A common extrusion term is "length to diameter ratio" or L/D. This term expresses the length of the screw divided by the diameter. For instance, an extruder that is 1000 mm long with a 25 mm screw diameter has a 40:1 L/D. Typical extrusion process lengths are in the 20 to 40:1 L/D range, or longer. Extruder residence times are generally between 5 s and 2 min, depending upon the type of extruder, L/D, and how the extruder is operated with regard to feed rate and screw rpm (see Figure 2).

Another common term is "outside diameter of the screw" or OD. For instance, when referring to a 20 mm extruder, OD refers to the outer diameter of each screw for a twin-screw extruder. The inside diameter, or ID, is the OD less the flight depth multipled by two.

The flight depth of the screws is an important design parameter. A deeper flight depth increases the free volume in the machine but limits the torque transmittal.


Figure 3 (All figures are courtesy of the author.)
Finding the optimum balance between free volume and torque is important because the balance directly impacts attainable throughput rates (high or low), as well as the energy that is imparted into the materials. Twin-screw extruders can process as little as a 20-g batch and more than 5000 kgs/hr.

The screws are the heart of any twin-screw extruder and the design directly impacts the quality of the dosage form. Screw elements are flighted for material transport, and nonflighted to create shear regions for melting or mixing. Solids conveying and melting occurs early in the process section. Screw elements for mixing and devolatilization are applied as required. Discharge elements then build and stabilize pressure before discharge. Screws are typically segmented and assembled on splined shafts. One-piece construction is also possible for improved cleaning and validation purposes.


Figure 4 (All figures are courtesy of the author.)
Screw designs can be shear-intensive and/or shear-passive with compounding efficiencies defined in terms of dispersive and distributive mixing. In dispersive mixing, the particles are broken down. Dispersive mixing elements result in the materials experiencing extensional- and planar-shear effects. In distributive mixing, the materials are uniformly blended but not broken down. Distributive mixing elements force high-melt division rates with significantly less extensional and planar-shear effects. Distributive mixing is often implemented for mixing heat- and shear-sensitive APIs with minimal degradation (see Figure 4).


Figure 5 (All figures are courtesy of the author.)
The cross-section of the barrel for a twin-screw extruder is characterized by a barrel opening in the shape of a "figure 8." Barrels for twin-screw extruders can be either one-piece or modular and can be configured for downstream feeding and venting. Barrel sections are heated by electric heaters or liquid. Barrel-cooling facilitates a temperature set point to maintain the desired melt viscosity within the process section. Extruder barrel(s) are typically cooled by liquid, and sometimes air. The most effective heat-transfer design uses axial cooling bores inside the barrel and close to the process melt stream (see Figure 5).

The segmented design of the process section enables specific screw and barrel geometries to be matched in a calculated and iterative manner to the unit operations that are performed in the process section. Modularity also makes the twin-screw extruder a flexible and powerful research tool when developing new applications for dosage forms.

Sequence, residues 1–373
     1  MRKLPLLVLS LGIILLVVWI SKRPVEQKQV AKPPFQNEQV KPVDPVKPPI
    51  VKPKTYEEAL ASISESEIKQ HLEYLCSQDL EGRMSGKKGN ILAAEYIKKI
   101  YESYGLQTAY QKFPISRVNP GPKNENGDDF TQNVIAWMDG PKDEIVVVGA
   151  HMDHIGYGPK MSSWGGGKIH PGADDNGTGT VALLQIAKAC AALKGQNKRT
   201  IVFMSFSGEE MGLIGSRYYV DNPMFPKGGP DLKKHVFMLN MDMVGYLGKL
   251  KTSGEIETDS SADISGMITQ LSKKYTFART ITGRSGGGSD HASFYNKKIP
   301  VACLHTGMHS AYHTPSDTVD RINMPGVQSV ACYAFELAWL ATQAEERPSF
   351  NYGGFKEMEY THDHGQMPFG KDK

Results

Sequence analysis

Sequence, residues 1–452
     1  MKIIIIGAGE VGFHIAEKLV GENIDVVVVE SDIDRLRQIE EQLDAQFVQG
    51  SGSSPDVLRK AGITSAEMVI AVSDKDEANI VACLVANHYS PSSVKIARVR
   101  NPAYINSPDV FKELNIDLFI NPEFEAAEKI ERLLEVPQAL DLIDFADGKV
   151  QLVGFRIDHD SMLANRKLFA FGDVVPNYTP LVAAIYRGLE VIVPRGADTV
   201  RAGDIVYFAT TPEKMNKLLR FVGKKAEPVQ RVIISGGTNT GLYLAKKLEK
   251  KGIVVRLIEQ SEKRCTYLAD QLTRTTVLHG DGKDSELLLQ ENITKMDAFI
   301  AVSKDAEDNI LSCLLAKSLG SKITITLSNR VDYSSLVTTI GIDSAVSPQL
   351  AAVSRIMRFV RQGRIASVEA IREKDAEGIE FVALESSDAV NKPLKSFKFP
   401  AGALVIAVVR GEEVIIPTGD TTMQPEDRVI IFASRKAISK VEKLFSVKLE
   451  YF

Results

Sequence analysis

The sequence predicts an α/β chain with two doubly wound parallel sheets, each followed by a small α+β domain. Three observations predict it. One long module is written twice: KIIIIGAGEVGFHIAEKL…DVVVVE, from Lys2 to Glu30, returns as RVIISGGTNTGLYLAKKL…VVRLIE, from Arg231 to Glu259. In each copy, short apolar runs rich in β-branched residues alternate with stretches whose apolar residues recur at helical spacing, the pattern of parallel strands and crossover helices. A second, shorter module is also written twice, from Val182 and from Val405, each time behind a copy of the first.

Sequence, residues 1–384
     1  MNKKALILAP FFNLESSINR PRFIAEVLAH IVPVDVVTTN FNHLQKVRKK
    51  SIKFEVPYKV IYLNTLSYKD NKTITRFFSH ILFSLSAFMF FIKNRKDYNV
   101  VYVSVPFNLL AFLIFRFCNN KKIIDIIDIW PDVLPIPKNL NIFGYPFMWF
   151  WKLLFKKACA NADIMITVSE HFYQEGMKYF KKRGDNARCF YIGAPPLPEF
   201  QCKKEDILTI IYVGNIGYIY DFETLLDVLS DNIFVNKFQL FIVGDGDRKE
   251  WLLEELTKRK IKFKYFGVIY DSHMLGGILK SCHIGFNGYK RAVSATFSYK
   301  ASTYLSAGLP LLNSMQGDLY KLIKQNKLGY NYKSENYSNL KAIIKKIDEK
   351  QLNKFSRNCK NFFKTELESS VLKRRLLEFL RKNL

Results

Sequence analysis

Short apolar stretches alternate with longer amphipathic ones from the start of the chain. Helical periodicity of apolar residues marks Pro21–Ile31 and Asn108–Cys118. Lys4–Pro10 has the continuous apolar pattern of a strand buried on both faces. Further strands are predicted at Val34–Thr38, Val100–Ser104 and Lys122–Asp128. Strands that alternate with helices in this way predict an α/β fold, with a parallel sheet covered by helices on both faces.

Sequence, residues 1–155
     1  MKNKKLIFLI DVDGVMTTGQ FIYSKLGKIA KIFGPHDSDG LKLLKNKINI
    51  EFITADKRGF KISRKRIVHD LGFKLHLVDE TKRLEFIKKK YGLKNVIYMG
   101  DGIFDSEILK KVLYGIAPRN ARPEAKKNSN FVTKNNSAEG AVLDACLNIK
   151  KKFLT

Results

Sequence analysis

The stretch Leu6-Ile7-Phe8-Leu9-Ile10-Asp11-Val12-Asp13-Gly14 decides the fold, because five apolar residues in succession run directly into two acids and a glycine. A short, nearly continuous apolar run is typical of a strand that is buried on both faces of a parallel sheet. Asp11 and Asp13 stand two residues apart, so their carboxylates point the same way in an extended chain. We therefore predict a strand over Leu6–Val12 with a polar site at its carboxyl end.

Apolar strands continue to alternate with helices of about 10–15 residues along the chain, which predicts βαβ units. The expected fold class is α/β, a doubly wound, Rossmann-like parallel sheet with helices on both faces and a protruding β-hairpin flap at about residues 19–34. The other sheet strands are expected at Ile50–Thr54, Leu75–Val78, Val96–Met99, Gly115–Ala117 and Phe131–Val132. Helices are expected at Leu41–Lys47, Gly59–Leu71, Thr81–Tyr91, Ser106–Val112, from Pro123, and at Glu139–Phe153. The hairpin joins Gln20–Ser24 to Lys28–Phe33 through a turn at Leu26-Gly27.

Twin-screw extruder types

There are two distinct families of twin-screw extruders: high-speed energy input (HSEI) twin-screw extruders, which run up to more than 1200 rpm; and low-speed late fusion (LSLF) twin-screw extruders, which run up to 50 rpm. HSEI twin-screw extruders are primarily used for compounding, reactive processing and/or devolatilization. By contrast, LSLF counterrotating twin-screw extruders are designed to mix at low shear and pump at uniform pressures but are often inadequate to perform energy-intensive processing.

HSEI twin-screw extruders. HSEI twin-screw extruders are mass-transfer devices used for intensive mass-transfer operations such as compounding, devolatilization, and reactive extrusion. HSEI twin-screw extruders are available in co-rotation and counterrotation and have top-end screw speeds from 300 to more than 1200 screw rpm.

HSEI twin-screw extruders are starve-fed with the output rate determined by the feeder(s). The extruder-screw rpm is independent from the feed rate and is used to optimize compounding efficiencies. Because the pressure gradient is controlled and remains at zero for much of the process, materials can be introduced into downstream barrel sections, typically by a twin-screw side stuffer that "pushes" materials into the extruder screws. Downstream introduction of heat- or shear-sensitive APIs can be particularly beneficial to avoid high-shear regions and minimize residence time exposure. The controlled pressure profile also facilitates venting.


Figure 6 (All figures are courtesy of the author.)
For a co-rotating twin-screw extruder, the screws are termed "self-wiping," as the opposing surface velocities in the intermesh regions cause the material to follow a figure 8 pattern. In co-rotation, the rotational clearances typically limit the lobe count to two for standard flight depths (see Figure 6).


Figure 7 (All figures are courtesy of the author.)